On Tue, 23 May 2023 at 10:48, Terren Suydam <terren.suy...@gmail.com> wrote:

> On Mon, May 22, 2023 at 8:42 PM Stathis Papaioannou <stath...@gmail.com>
> wrote:
>> On Tue, 23 May 2023 at 10:03, Terren Suydam <terren.suy...@gmail.com>
>> wrote:
>>> On Mon, May 22, 2023 at 7:34 PM Stathis Papaioannou <stath...@gmail.com>
>>> wrote:
>>>> On Tue, 23 May 2023 at 07:56, Terren Suydam <terren.suy...@gmail.com>
>>>> wrote:
>>>>> Many, myself included, are captivated by the amazing capabilities of
>>>>> chatGPT and other LLMs. They are, truly, incredible. Depending on your
>>>>> definition of Turing Test, it passes with flying colors in many, many
>>>>> contexts. It would take a much stricter Turing Test than we might have
>>>>> imagined this time last year, before we could confidently say that we're
>>>>> not talking to a human. One way to improve chatGPT's performance on an
>>>>> actual Turing Test would be to slow it down, because it is too fast to be
>>>>> human.
>>>>> All that said, is chatGPT actually intelligent?  There's no question
>>>>> that it behaves in a way that we would all agree is intelligent. The
>>>>> answers it gives, and the speed it gives them in, reflect an intelligence
>>>>> that often far exceeds most if not all humans.
>>>>> I know some here say intelligence is as intelligence does. Full stop,
>>>>> conversation over. ChatGPT is intelligent, because it acts intelligently.
>>>>> But this is an oversimplified view!  The reason it's over-simple is
>>>>> that it ignores what the source of the intelligence is. The source of the
>>>>> intelligence is in the texts it's trained on. If ChatGPT was trained on
>>>>> gibberish, that's what you'd get out of it. It is amazingly similar to the
>>>>> Chinese Room thought experiment proposed by John Searle. It is 
>>>>> manipulating
>>>>> symbols without having any understanding of what those symbols are. As a
>>>>> result, it does not and can not know if what it's saying is correct or 
>>>>> not.
>>>>> This is a well known caveat of using LLMs.
>>>>> ChatGPT, therefore, is more like a search engine that can extract the
>>>>> intelligence that is already structured within the data it's trained on.
>>>>> Think of it as a semantic google. It's a huge achievement in the sense 
>>>>> that
>>>>> training on the data in the way it does, it encodes the *context*
>>>>> that words appear in with sufficiently high resolution that it's usually
>>>>> indistinguishable from humans who actually understand context in a way
>>>>> that's *grounded in experience*. LLMs don't experience anything. They
>>>>> are feed-forward machines. The algorithms that implement chatGPT are
>>>>> useless without enormous amounts of text that expresses actual 
>>>>> intelligence.
>>>>> Cal Newport does a good job of explaining this here
>>>>> <https://www.newyorker.com/science/annals-of-artificial-intelligence/what-kind-of-mind-does-chatgpt-have>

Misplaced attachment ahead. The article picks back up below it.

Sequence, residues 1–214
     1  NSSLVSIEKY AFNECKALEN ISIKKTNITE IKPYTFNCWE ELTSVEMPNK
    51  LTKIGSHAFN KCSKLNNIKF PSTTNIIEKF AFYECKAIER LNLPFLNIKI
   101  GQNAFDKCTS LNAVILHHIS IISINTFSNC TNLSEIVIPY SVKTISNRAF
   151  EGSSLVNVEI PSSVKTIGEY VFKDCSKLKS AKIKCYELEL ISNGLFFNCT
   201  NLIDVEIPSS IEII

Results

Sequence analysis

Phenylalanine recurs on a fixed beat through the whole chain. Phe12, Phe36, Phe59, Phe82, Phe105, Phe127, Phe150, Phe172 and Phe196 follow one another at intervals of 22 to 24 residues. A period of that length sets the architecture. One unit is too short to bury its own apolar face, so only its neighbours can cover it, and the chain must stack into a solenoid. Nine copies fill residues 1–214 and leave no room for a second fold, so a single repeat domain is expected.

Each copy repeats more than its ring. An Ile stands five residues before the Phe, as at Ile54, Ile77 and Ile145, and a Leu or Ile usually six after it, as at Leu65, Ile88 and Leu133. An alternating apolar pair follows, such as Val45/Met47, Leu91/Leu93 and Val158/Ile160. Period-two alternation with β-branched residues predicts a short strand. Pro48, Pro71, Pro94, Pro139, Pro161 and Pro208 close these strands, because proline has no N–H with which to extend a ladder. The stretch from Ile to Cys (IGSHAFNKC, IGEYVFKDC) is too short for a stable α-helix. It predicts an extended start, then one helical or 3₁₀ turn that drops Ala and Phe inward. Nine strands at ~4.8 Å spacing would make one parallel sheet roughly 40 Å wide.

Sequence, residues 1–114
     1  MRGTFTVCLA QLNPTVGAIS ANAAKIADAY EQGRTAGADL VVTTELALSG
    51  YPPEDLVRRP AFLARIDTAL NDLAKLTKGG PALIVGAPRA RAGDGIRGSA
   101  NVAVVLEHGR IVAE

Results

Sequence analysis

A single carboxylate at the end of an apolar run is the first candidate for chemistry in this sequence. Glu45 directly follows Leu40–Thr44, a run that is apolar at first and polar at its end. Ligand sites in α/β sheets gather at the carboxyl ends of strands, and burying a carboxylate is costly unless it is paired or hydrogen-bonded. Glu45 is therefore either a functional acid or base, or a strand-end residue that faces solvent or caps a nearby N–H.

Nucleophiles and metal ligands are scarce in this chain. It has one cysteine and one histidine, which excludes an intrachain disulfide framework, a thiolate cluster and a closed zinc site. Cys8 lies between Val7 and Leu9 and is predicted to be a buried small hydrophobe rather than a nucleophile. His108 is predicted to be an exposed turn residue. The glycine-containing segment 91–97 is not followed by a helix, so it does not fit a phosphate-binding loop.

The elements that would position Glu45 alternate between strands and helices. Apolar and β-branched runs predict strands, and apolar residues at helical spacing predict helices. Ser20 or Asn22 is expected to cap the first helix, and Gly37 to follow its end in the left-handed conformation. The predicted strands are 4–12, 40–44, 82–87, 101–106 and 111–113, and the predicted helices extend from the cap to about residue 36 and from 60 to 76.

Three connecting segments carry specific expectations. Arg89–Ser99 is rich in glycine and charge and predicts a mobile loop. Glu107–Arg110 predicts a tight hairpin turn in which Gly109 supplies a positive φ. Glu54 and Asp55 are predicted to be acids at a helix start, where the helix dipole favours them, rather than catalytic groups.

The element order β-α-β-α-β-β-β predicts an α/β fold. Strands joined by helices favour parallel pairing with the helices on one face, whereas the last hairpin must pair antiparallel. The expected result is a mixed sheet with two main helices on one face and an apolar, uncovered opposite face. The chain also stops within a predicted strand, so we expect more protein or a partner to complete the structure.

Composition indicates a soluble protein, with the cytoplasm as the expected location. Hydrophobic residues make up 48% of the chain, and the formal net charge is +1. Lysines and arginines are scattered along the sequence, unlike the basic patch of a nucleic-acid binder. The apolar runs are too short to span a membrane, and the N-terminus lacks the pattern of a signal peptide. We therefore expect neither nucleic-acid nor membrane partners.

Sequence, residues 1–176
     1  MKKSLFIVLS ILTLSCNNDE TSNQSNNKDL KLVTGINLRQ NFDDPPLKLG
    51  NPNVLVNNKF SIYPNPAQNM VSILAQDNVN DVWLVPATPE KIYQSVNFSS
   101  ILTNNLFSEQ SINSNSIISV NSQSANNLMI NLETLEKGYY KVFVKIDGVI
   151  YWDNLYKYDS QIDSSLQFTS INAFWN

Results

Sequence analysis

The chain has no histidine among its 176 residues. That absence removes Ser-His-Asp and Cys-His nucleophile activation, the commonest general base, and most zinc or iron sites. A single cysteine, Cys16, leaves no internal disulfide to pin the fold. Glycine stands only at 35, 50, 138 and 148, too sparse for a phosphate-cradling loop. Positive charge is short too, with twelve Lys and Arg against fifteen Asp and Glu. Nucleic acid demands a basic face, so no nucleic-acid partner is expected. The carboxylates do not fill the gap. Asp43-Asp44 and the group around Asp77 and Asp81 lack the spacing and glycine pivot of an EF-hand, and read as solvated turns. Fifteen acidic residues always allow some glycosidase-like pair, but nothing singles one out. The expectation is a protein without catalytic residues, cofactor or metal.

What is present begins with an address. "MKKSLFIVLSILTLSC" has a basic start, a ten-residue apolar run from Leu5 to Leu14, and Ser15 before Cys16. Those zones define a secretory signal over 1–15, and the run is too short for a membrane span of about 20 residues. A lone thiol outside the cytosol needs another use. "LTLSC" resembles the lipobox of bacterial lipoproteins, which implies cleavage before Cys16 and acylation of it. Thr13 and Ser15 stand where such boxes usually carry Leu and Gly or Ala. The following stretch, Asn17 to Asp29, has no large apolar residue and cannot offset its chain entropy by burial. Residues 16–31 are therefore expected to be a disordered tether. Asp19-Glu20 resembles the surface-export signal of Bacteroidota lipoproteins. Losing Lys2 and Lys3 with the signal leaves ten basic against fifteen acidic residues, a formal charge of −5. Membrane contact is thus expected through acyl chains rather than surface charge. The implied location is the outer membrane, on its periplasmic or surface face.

>>>>> .
>>>> It could be argued that the human brain is just a complex machine that
>>>> has been trained on vast amounts of data to produce a certain output given
>>>> a certain input, and doesn’t really understand anything. This is a response
>>>> to the Chinese room argument. How would I know if I really understand
>>>> something or just think I understand something?
>>>>> --
>>>> Stathis Papaioannou
>>> it is true that my brain has been trained on a large amount of data -
>>> data that contains intelligence outside of my own. But when I introspect, I
>>> notice that my understanding of things is ultimately rooted/grounded in my
>>> phenomenal experience. Ultimately, everything we know, we know either by
>>> our experience, or by analogy to experiences we've had. This is in
>>> opposition to how LLMs train on data, which is strictly about how
>>> words/symbols relate to one another.
>> The functionalist position is that phenomenal experience supervenes on
>> behaviour, such that if the behaviour is replicated (same output for same
>> input) the phenomenal experience will also be replicated. This is what
>> philosophers like Searle (and many laypeople) can’t stomach.
> I think the kind of phenomenal supervenience you're talking about is
> typically asserted for behavior at the level of the neuron, not the level
> of the whole agent. Is that what you're saying?  That chatGPT must be
> having a phenomenal experience if it talks like a human?   If so, that is
> stretching the explanatory domain of functionalism past its breaking point.

The best justification for functionalism is David Chalmers' "Fading Qualia"
argument. The paper considers replacing neurons with functionally
equivalent silicon chips, but it could be generalised to replacing any part
of the brain with a functionally equivalent black box, the whole brain, the
whole person.


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